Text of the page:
The Japanese have been combining words and pictures to create a variety of literary forms since the beginning of their written history, and creating complex graphic novels called manga ever since the end of WWII, but it is only in the last twenty years or so that Americans have begun to enjoy translated manga and anime (cartoons). Once discovered, however, anime and manga have rapidly become mainstream. By now, most young Americans grow up reading comics and watching cartoons that they may or may not even realize are Japanese. Manga and anime are very Japanese, however. Even when they seem to be pure fantasies designed for children, they contain a plethora of cultural references and values. Their popularity with young people offers teachers a unique opportunity to use primary source materials to introduce Japanese concepts as well a more general Asian Studies, diversity studies, literary studies, and even art into the classroom.

In this workshop, Dr. Antonia Levi will offer an introduction to the world of anime and manga with a focus on how they reflect Japan's religious and folk beliefs, and the ways in which Buddhism, Shintoism and a variety of other beliefs co-exist in modern Japan. The workshop will feature the work of Takahashi Rumiko, one of Japan's most popular manga-ka (cartoonist) whose work has also found a large and appreciative audience in the U.S. Participants are asked to read Takahashi's short piece “Shake Your Buddha,” and will also view an episode from “Inuyasha: The Dog Demon,” another Takahashi creation that reflects Shinto beliefs and the traditional role of women as shamans. If time permits, we will also view an episode from “Ranma ½” which offers a humorous take on a variety of Japanese marriage practices and gender roles.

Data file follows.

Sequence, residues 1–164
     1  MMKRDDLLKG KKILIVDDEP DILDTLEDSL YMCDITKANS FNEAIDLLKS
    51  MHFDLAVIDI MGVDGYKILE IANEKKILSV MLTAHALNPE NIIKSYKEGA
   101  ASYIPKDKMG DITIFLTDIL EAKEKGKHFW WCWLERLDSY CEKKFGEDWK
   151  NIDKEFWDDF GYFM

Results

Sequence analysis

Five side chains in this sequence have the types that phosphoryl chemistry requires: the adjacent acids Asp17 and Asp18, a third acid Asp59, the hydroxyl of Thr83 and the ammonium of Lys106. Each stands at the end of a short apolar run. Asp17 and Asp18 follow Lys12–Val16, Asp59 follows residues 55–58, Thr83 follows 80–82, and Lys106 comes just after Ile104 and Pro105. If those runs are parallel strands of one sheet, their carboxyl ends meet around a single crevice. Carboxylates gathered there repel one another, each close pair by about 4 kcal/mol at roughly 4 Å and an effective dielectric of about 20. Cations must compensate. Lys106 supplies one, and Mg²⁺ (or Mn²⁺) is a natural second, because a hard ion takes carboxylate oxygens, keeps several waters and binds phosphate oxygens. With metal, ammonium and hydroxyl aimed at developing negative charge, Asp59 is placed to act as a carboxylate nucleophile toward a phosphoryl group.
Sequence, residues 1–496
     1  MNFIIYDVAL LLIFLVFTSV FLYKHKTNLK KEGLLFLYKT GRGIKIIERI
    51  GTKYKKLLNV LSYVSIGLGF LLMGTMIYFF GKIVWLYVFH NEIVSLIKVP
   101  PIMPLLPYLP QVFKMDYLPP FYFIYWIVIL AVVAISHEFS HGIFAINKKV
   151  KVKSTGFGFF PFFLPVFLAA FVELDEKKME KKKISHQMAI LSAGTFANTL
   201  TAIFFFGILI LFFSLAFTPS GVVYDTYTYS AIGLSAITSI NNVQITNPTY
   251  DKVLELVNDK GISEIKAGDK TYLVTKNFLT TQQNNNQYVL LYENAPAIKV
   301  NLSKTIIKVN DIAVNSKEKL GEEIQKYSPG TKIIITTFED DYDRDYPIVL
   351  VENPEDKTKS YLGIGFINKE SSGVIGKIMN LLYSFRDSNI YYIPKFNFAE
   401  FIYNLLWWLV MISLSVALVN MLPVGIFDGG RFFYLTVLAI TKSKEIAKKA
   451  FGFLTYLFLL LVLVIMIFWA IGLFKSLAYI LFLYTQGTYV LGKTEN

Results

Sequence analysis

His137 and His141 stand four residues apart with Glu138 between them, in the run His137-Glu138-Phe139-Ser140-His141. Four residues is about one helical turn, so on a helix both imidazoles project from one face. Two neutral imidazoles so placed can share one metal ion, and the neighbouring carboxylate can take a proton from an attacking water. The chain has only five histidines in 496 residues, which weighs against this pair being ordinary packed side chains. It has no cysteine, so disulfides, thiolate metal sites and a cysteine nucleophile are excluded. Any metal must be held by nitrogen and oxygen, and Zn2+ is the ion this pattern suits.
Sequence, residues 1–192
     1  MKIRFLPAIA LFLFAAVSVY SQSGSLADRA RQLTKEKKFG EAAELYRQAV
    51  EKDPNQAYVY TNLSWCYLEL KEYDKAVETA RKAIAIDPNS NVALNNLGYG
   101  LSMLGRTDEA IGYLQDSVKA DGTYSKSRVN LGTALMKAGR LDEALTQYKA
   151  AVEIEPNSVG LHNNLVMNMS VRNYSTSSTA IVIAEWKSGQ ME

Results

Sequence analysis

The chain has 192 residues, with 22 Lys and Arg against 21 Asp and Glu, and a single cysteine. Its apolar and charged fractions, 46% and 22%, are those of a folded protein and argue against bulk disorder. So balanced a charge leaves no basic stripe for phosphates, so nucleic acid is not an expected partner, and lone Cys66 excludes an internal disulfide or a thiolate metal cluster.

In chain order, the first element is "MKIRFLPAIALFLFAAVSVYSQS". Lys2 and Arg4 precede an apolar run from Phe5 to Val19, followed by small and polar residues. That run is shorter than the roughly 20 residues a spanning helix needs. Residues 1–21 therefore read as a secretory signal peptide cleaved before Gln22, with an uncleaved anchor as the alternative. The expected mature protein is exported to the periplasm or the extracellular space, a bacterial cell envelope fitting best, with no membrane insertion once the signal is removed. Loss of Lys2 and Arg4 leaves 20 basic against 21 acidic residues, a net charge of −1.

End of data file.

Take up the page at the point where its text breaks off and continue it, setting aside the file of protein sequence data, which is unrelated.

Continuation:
Dr. Antonia Levi, a professor of Japanese history with an interest in the globalization of Japanese popular culture, is the author of Samurai from Outer Space: Understanding Japanese Animation and numerous articles on Japanese animation (anime) and graphic novels (manga). Her Ph.D. is from Stanford University, and she has taught at Amherst College, Loyola-Marymount University, Whitman College, and Portland State University. She is now retired and writing a murder mystery about anime and manga fans.

 


Last updated: July 27, 2012